Whether mothers breastfeed, bottle feed or both, they face struggles with guilt and stigma

We’ve all heard the saying ‘breast is best’. If this is the case, why are so many women made to feel ashamed when nursing in public? And what if breastfeeding just isn’t the right choice – or indeed isn’t an option – in your circumstances?

Here we look at the different attitudes women encounter around feeding their babies, and explore what work is being done to fight stigma.

Breastfeeding and bottle feeding statistics

A recent UK study found that more than 80% of women initiate breastfeeding, yet less than 1% of mothers exclusively breastfeed to six months – the timeframe recommended by the WHO. So the vast majority of babies receive at least some formula in their first few months.

At six to eight weeks after birth, the breastfeeding rate for England is 44.4% (2016-17). On a worldwide scale, this figure is low. In Norway, for example, 71% of babies are still being breastfed at six to eight weeks.

Nutrition lead for the Royal College of Paediatrics and Child Health, Professor Mary Fewtrell, cited a number of possible reasons for the UK’s low numbers, including a lack of local support, public health cuts, inconsistent messaging from healthcare professionals, social stigma and lack of family support.

The stigma of breastfeeding in public

It’s illegal to ask a woman who is breastfeeding their child to leave a public place. And yet a Scottish survey found that more than a quarter of new mums have been made to feel uncomfortable when breastfeeding in public.

A recent Dispatches documentary, Breastfeeding Uncovered, highlighted the negative attitudes women continue to face for breastfeeding in public. The presenter, Kate Quilton, said she herself had been made to feel like a ‘social outcast’ for publicly nursing her baby. She said she had encountered ‘lots of raised eyebrows’ and ‘a few people tutting’.

Fighting back

After the Dispatches documentary was aired, hundreds of women took to social media to share their own experiences, The Mail Online reported. Some told of how they had been made to feel ashamed of public breastfeeding by passers-by or restaurant staff. Others shared photographs of themselves nursing while out and about, in order to help others feel more confident in doing the same.

Earlier this year, a Northern Ireland campaign called #NotSorryMums was launched with the same aim. And in the Philippines, to celebrate World Breastfeeding Week this week, several hundred women gathered in a stadium to nurse their children in an act of solidarity.

While for many women breastfeeding is simply not an option, a 2016 study found that 40% of women stop breastfeeding after six weeks because they felt judged – or feared being judged. So the recent spate of campaigns, both in the UK and worldwide, are vital in helping more women feel that breastfeeding is an option. And it seems to be working – since 2010, there has been a 10% increase in the number of babies being breast fed for at least the first six months.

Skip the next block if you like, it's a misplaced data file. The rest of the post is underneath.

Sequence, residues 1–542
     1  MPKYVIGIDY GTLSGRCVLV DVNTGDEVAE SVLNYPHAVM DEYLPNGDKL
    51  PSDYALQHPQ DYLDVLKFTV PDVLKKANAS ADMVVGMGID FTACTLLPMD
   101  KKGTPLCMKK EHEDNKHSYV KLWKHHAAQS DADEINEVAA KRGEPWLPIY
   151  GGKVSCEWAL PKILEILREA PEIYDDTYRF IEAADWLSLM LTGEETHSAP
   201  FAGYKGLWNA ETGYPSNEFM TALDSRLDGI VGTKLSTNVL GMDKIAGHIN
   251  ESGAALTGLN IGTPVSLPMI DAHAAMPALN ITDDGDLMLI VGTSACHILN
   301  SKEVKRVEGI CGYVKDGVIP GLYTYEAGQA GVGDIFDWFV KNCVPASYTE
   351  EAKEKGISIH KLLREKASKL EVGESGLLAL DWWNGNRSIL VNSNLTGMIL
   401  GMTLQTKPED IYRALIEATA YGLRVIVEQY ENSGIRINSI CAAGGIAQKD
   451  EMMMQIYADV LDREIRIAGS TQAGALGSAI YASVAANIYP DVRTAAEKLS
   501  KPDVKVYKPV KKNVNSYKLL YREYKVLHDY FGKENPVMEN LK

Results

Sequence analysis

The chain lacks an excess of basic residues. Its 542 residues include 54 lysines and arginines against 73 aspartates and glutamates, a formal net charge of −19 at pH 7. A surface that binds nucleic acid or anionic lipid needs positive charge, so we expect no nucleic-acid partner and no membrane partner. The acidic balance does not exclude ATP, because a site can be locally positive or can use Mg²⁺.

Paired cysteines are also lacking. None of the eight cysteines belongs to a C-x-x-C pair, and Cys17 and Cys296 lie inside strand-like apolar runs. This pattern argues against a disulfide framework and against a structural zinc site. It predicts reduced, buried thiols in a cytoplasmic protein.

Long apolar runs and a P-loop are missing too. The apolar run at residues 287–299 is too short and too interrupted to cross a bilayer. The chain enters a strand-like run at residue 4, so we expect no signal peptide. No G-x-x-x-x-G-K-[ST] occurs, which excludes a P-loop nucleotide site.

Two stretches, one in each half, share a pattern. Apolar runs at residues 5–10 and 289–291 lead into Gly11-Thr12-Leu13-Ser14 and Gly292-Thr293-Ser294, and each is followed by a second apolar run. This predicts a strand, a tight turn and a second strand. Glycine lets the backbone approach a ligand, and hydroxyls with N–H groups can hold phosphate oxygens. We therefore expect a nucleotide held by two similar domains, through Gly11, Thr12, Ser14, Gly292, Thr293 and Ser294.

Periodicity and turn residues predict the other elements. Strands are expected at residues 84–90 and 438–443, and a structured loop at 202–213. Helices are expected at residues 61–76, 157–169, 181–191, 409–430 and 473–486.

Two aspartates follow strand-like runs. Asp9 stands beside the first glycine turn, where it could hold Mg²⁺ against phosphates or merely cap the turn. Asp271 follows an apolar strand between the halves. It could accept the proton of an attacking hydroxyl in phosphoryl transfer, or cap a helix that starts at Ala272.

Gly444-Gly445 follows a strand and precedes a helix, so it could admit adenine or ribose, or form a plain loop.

Tackling the stigma of bottle feeding

Women who bottle feed their babies face a different kind of stigma. A 2016 article by The Conversation argued that women face a catch-22: breastfeed their babies and face criticism for nursing in public, or bottle feed and face criticism from those who feel breastfeeding is a more ‘valid’ choice.

The article cited a study which found that the majority of mothers who supplement breastfeeding with formula are made to feel guilty, stigmatised, defensive, and dissatisfied over their decision to top-up or swap from breast to bottle. Mothers who initiate exclusive breastfeeding but stop, and mothers who intend to exclusively breastfeed during pregnancy but are unable to do so, are at a much higher risk of experiencing guilt and dissatisfaction too.

Earlier this year, a hospital trust was criticised for describing mothers who use formula as “artificially” feeding babies. The backlash resulted from a letter from Worcestershire Acute Hospitals NHS Trust, in which it told mothers it would no longer provide formula milk in its maternity units to those who decided not to breastfeed. The information was placed under the heading “What do I need to bring with me if I wish to artificially feed my baby?”

One woman who said she had been unable to breastfeed said the letter’s wording made her “sick to the stomach”.

However, in June 2018, The Royal College of Midwives’ new position statement makes it explicitly clear that women should be supported if, after being given advice, information and support, they opt to bottle feed using formula milk.

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